18. September 2016 at 18:09

    Remember those old milk cartons that had pictures of missing children on them? Watching Nick Rowe and Scott Sumner discuss econometrics reminds me of that.

  4. Gravatar of E. Harding E. Harding
    18. September 2016 at 18:56

    The graph is good, but I wonder why in the world did it require printed labels and was drawn with pen? These things are easier to do with Paint or Excel. Are you using it for a class? Lorenzo is right that the concentric circles around the “Target (4%)” look a little weird and inexplicable without labels. As usual with these things, I would have loved it if you’d have used the actual NGDP growth and base/NGDP ratios of the various countries (presumably in Excel), so that everybody can see whether your hypothesis works for themselves.

    Interesting hypothesis. Switzerland should try it out.

  5. Gravatar of Ray Lopez Ray Lopez
    18. September 2016 at 22:35

    (Romer) “Macroeconomic theorists dismiss mere facts by feigning an obtuse ignorance about such simple assertions as “tight monetary policy can cause a recession.” –

    But this is absurd. If money is largely neutral, which that evidence shows it is (Bernanke, 2002, FAVAR paper), then this ‘simple assertion’ is just plain wrong. It’s like the Ptolemaic astronomers complaining after Copernicus that nobody talks about epicycles anymore…

  6. Gravatar of Postkey Postkey
    19. September 2016 at 00:25


    “Instead of high powered money, preferred by the monetarists, a more useful operating target would be the net quantity of credit creation, measured by the sum of all central bank transactions including those outside the money market operations.”

    Werner, Richard (2005), New Paradigm in Macroeconomics, Basingstoke: Palgrave Macmillan” P263.

    Evidence for the effectiveness of net quantity of credit creation is provided in New Paradigm in Macroeconomics.

  7. Gravatar of dtoh dtoh
    19. September 2016 at 02:17


    As I commented in an earlier post…

    “When he [Bernanke] retired I [Scott] did a post suggesting that he was better than average. Look at the ECB and BOJ, for example.”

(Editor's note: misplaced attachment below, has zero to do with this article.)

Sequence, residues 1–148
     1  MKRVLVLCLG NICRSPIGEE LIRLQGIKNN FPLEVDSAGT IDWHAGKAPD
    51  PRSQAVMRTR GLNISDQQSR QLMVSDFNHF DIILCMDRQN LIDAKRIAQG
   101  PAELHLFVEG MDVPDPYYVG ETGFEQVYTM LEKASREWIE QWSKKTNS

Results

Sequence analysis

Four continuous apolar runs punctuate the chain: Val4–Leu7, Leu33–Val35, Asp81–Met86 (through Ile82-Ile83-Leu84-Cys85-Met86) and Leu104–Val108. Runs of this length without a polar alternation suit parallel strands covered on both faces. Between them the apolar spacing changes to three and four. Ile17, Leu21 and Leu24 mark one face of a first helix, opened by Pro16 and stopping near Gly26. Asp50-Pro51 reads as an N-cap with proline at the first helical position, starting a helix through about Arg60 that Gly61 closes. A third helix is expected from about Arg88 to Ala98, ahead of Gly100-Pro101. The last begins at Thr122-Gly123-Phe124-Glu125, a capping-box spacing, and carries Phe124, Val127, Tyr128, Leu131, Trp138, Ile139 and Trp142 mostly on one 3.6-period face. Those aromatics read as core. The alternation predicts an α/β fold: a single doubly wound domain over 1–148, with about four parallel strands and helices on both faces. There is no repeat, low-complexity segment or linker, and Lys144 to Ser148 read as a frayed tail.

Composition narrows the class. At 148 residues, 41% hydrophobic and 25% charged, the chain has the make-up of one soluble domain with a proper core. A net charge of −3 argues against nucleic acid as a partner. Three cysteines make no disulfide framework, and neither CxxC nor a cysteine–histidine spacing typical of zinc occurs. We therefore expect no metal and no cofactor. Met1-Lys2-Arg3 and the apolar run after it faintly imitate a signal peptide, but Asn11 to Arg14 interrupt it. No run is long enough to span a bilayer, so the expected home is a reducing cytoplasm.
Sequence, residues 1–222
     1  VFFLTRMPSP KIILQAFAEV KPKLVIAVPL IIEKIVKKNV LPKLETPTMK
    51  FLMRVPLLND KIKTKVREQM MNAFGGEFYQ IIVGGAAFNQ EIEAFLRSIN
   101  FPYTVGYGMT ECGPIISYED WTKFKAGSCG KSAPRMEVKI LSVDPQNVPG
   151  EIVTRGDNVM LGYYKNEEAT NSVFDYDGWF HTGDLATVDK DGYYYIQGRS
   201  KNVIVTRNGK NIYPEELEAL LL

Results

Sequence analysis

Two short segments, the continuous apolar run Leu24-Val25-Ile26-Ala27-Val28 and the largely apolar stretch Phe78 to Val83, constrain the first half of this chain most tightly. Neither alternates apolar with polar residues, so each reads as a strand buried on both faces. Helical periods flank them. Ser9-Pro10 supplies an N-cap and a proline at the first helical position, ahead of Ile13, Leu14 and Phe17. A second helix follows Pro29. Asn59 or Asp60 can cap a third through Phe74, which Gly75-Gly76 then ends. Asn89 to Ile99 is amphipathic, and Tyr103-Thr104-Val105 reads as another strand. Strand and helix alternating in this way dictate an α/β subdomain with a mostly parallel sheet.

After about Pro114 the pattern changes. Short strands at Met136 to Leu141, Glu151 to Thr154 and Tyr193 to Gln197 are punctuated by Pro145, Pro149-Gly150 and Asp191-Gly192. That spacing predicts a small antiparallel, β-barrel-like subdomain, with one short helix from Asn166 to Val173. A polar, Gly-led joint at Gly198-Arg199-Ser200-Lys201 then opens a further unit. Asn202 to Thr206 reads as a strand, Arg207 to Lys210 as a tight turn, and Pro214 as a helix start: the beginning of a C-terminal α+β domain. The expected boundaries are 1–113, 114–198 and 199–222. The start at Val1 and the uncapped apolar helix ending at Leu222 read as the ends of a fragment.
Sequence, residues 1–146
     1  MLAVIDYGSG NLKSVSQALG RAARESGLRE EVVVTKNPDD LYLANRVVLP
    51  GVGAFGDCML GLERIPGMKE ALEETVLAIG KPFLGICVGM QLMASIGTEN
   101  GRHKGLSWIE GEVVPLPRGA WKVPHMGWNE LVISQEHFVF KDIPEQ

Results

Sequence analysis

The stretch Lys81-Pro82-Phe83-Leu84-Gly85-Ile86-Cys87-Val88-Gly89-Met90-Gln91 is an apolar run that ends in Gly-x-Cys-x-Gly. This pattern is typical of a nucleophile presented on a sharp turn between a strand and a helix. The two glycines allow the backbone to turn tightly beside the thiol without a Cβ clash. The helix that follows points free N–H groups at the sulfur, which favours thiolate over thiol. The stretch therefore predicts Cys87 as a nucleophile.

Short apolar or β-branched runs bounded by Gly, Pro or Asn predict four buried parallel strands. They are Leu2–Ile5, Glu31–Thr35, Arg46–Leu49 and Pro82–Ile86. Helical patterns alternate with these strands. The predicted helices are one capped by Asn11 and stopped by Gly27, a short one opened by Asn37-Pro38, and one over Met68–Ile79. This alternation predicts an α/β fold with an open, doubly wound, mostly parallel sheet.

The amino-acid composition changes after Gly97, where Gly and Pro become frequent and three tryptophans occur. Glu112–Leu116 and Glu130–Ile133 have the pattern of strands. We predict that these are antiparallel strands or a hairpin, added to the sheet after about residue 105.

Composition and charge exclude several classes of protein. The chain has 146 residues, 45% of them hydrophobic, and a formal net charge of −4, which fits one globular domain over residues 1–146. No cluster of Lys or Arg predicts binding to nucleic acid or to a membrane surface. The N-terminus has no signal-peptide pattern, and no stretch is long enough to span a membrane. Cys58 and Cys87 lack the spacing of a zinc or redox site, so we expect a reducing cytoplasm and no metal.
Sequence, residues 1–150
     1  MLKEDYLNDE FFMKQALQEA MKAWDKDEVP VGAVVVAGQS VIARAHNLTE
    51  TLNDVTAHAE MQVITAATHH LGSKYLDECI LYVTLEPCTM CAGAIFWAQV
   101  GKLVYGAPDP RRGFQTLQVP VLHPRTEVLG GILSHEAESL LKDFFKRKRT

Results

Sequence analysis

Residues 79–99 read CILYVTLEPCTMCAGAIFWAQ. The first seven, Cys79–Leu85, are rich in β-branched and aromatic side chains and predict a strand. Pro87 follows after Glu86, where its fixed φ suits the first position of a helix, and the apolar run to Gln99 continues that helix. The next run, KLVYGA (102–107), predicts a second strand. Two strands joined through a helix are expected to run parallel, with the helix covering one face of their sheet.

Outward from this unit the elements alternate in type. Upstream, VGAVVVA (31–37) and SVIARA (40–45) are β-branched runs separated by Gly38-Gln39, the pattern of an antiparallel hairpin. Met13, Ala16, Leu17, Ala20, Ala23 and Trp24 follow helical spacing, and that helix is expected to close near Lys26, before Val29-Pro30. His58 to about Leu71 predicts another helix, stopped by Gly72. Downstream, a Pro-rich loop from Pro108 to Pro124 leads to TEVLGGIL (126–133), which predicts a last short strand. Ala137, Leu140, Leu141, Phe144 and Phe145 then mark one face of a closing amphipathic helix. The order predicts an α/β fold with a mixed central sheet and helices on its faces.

Scott, in this case, the difference between average and better than average is the difference between being an utter failure and a complete failure. Come on. Maybe there is a legitimate debate about targets, but when you completely and consistently miss your target, it’s just pure incompetence. Bernanke was a disaster as Fed Chair.

  8. Gravatar of Art Deco Art Deco
    19. September 2016 at 05:18

    Bernanke was a disaster as Fed Chair.

    No. The characters running the Fed during the period running from 1928 to 1932 and in 1937 and 1938 were disasters. Arthur Burns and William Miller were bad performers. No one else merits that kind of assessment.

  9. Gravatar of ssumner ssumner
    19. September 2016 at 06:17

    E. Harding, I don’t know how to draw graphs using a computer.

    There are about 10,000 studies of money demand, if you want double check my claim.

    dtoh, You are confusing Bernanke with the Fed. Bernanke’s performance was better than the Fed’s performance.

  10. Gravatar of dtoh dtoh
    19. September 2016 at 10:52

    Are you serious. How can you describe Bernanke’s performance as anything other than a complete failure?

  11. Gravatar of Ray Lopez Ray Lopez
    19. September 2016 at 12:08

    @Postkey- thanks, but “net credit creation” appears to be nothing more than endogenous ex post money creation, meaning, when customers demand more money from banks or shadow banks, these financial intermediaries respond. That proves my point, not Sumner’s. Sumner is claiming the Fed creates demand, ex ante, exogenously, meaning ‘build it and they will come’ (or, inject base money and they, the banks, will lend). We all know how badly this theory has worked out for poor old Sumner, but he clings to his old time religion.

  12. Gravatar of dtoh dtoh
    20. September 2016 at 07:38

    It’s yin and yang.

Leave a Reply